Tuesday, June 07, 2005

Sullivan's Salon Model for Requirements in Software Development

Software development has many challenges in satisfying clients. One of the biggest is arriving at a product which matches what the client is expecting. This is not necessarily the same thing as what the client wanted in the first place.

Iterative development tries to ensure that the gap between the two viewpoints of the software development team and the client never becomes too great.

There is another industry which has to constantly manage client expectations so that the end result is both satisfying and expected. Hairdressing. Successful hairdressers operate by securing repeat business, for this to happen in competitive environment their customers must be satisfied when leaving.

We each have certain concepts of a hairdresser based on personal experience, for example they are perceived as confidants of their client in large part because they talk with them so much, getting to know their moods and most importantly their likes and dislikes. Most traditional hairdressers will have a considerable number of images in their 'shop' window and placed on the interior walls, and also various lifestyle magazines placed about the waiting areas.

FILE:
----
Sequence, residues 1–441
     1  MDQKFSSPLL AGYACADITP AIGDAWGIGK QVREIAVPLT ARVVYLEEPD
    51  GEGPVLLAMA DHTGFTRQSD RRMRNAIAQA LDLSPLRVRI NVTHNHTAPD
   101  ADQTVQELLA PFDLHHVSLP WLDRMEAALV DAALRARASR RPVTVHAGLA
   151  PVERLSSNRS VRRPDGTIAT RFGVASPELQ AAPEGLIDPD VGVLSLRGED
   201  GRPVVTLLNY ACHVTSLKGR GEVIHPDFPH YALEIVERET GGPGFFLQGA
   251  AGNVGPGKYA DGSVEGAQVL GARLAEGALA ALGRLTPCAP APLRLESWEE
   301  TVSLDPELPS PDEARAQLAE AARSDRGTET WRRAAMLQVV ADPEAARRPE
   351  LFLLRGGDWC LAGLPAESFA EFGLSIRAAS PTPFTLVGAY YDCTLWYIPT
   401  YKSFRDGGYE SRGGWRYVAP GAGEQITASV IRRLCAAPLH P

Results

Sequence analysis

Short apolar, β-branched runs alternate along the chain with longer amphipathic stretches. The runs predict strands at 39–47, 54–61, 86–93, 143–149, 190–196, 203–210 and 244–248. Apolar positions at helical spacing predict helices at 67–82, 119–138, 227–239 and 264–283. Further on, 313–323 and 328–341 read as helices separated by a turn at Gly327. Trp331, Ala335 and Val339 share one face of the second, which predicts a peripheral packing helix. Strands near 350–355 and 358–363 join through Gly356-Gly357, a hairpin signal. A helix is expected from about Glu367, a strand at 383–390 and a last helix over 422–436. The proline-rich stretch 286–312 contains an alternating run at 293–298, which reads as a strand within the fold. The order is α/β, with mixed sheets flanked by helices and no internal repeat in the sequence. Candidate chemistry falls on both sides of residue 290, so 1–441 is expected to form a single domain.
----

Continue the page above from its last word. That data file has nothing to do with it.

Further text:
The purpose of all these images is to educate the client as to potential directions to take that are fashionable at the time. However, it should be noted that rarely do clients emerge from the salon with a hairstyle that is exactly what was in the images the client has seen. How is this? The constant chat, or interplay between the hairdresser and client is essence of the iterative process at work. They must establish if the client has strong ideas about how their hair should look at the end. One of the first steps is to discuss the existing 'model', are they happy with it? when was it done? what was done at the time?

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